There is a world somewhere between reality and fiction. Although ignored by many, it is very real and so are those living in it. This forum is about the natural world. Here, wild animals will be heard and respected. The forum offers a glimpse into an unknown world as well as a room with a view on the present and the future. Anyone able to speak on behalf of those living in the emerald forest and the deep blue sea is invited to join.
--- Peter Broekhuijsen ---

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Animal News (Except Bigcats)

United Arab Emirates BorneanTiger Offline
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( This post was last modified: 05-14-2019, 10:42 AM by BorneanTiger )

I had been wondering what the nuclear tests in the Pacific Ocean during the Cold War (a period of tension between the USA-led West and USSR/Russian-led Eastern bloc, in which they didn't fight a direct war, but had proxy wars, as in, support countries or groups that would do the fighting on opposite sides) would do to the ecosystem there, and an answer is here:  Disappointed https://edition.cnn.com/2019/05/13/asia/...+-+Asia%29

"Decades after the nuclear bomb tests of the Cold War, traces of radioactive carbon have been found in the deepest parts of the ocean.
Crustaceans found in the deepest trenches of the Pacific Ocean showed high levels of radioactive carbon in their muscle tissues, according to a study published in the journal Geophysical Research Letters in April.
The "bomb carbon" found its way into their molecules from nuclear tests performed in the 1950s and '60s -- and it's been found miles down into the ocean where these creatures live. The results show how quickly human pollution can enter the ocean's food chain and reach the deep ocean, according to the study's authors.

It's a disturbing discovery that shows how the actions of humans can harm the planet.
"We didn't expect such high levels of carbon-14 (radioactive carbon)," co-author Weidong Sun, a professor of marine geology at the Chinese Academy of Sciences in Qingdao, China, told CNN. "That means the ocean has been polluted by human activities.""


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The study by Chengde et al., linked in blue to the phrase "Geophysical Research Letters" above: https://agupubs.onlinelibrary.wiley.com/...18GL081514
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United Arab Emirates BorneanTiger Offline
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A reason why people tend to be vegetarians is to avoid having animals killed for them, but this (https://www.birdguides.com/news/millions...terranean/, https://www.birdguides.com/news/millions...terranean/) shows that even plant-farming can kill a lot of animals. Who'd imagine that harvesting olives can lead to millions of birds being killed annually?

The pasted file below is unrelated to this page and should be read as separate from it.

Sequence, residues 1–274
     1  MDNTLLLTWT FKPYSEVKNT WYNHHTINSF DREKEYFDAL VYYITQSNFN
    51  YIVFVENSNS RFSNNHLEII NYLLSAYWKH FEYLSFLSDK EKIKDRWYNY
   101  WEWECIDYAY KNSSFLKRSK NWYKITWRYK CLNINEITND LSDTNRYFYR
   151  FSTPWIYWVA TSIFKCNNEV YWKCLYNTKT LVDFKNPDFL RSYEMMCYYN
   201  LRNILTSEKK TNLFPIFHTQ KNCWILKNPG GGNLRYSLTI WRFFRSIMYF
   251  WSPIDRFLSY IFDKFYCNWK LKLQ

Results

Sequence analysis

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"The olive harvest is killing millions of birds (Getty)

Millions of birds are being vacuumed up and killed during nocturnal suction olive harvesting in Spain and Portugal.

In Spain, 2.6 million birds die every year from being vacuumed, and in Portugal, 96,000 birds die per year.

Birds from northern Europe winter in these countries, and are at risk while roosting at night, according to [b]BirdGuides[/b].

The noise and light of the machines dazzle the birds, which are sucked into suction olive harvesting machines and killed."
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In one case, a Russian guy who was illegally trying to collect deer antlers in Siberia, so that he could sell them in the black market, almost got killed by a brown bear, before biting its tongue off, and thus scaring him, but now, he's injured and there's a police case against him: https://www.news18.com/news/buzz/man-vs-...82055.html

In another case, a German guy who was hiking with his English girlfriend in the Carpathian mountains of southern Romania, even though they were warned by priests not to scale the mountains, got attacked by a 6-foot tall mother bear, getting his leg ripped in the process, before heeding his girlfriend's advise to punch it in the eye, which made the mother bear flee: http://www.ladbible.com/community/inspir...e-20190609

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United Arab Emirates BorneanTiger Offline
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( This post was last modified: 06-21-2019, 03:48 PM by BorneanTiger )

Did poachers poison the carcasses of 3 elephants to kill 537 vultures (468 white-backed vultures, 17 white-headed vultures, 28 hooded vultures, all critically endangered, and 14 lappet-faced vultures and 10 cape vultures, also endangered) and 2 tawny eagles in northern Botswana, because vultures help rangers to track poaching activity by circling in the sky where there are dead animals?

White-backed vultures: https://www.ndtv.com/world-news/over-500...na-2056740

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Cape vulture: https://edition.cnn.com/2019/06/21/afric...-intl-hnk/

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Finland Shadow Online
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( This post was last modified: 06-21-2019, 08:07 PM by Shadow )

(06-21-2019, 03:26 PM)BorneanTiger Wrote: Did poachers poison the carcasses of 3 elephants to kill 537 vultures (468 white-backed vultures, 17 white-headed vultures, 28 hooded vultures, all critically endangered, and 14 lappet-faced vultures and 10 cape vultures, also endangered) and 2 tawny eagles in northern Botswana, because vultures help rangers to track poaching activity by circling in the sky where there are dead animals?

White-backed vultures: https://www.ndtv.com/world-news/over-500...na-2056740

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Cape vulture: https://edition.cnn.com/2019/06/21/afric...-intl-hnk/

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These incidents are those, which leaves in a way speechless. There would be a lot to say, but nothing suitable for public forum like this, when trying to keep things civilized. But poachers and especially those people who are behind it, people who pay big money for ivory, rhino horns and so many other things, I consider them as cancer of humanity. Greed is worst disease there is. Combine that then again with superstitions and there we go.... I mean the reasons why for instance rhino horns are wanted... are there really so many desperate and impotent people nowadays with too much money? And that was rhetorical question.